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A legislative committee has approved a measure to redraw Connecticut's state House district boundaries

Connecticut House Minority Leader Vincent Candelora, R-North Branford, speaks during the opening session at the State Capitol, on Jan. 6, 2021, in Hartford.
Jessica Hill
/
Associated Press
Connecticut House Minority Leader Vincent Candelora, R-North Branford, speaks during the opening session at the State Capitol, on Jan. 6, 2021, in Hartford.

A bipartisan committee of legislators voted unanimously Thursday for a new map that redraws the district boundaries for the Connecticut House of Representatives, reflecting the state's westward shift in population toward the New York border.

The plan creates a new seat in Fairfield County, incorporating Wilton and portions of New Canaan and Ridgefield. Meanwhile, a district in southeastern Connecticut is being eliminated. It's currently held by Republican state Rep. Mike France of Ledyard, a candidate for Congress who is not seeking re-election to the General Assembly.

“I think overall, we made a lot of difficult decisions trying to keep a lot of the core districts in tact, but recognizing the fact that with population changes so do come changes to various districts,” said House Minority Leader Vincent Candelora, R-North Branford, who called the Reapportionment Commission “one of the best processes in the country.”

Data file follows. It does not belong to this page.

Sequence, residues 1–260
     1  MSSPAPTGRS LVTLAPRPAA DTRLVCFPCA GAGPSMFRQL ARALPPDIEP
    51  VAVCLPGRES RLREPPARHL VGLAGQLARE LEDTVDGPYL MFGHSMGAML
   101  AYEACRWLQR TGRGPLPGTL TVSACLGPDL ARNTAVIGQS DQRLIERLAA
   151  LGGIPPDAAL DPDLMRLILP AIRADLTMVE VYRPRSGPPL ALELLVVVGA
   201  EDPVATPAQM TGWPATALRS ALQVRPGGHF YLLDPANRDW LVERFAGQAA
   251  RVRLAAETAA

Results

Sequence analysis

“We are truly a bipartisan process," he said.

Commission members said they expect to also approve a redistricting plan for the state Senate in time for a Nov. 30 deadline. However, House Speaker Matt Ritter, D-Hartford, said he expects the panel will likely ask for the Connecticut Supreme Court to grant them extra time to finish redrawing the state's congressional district boundaries.

“Given the late nature of the data that we received, it was a challenge to get the General Assembly done,” said Ritter, referring to the late release of U.S. Census data due to the COVID-19 pandemic. Ritter said he believes the group will be able to reach a bipartisan deal if they have a couple more weeks.

In 2011, the last time boundaries were redrawn, lawmakers couldn’t reach agreement on the congressional district boundaries and the Connecticut Supreme Court ultimately named a special master to redraw the lines.

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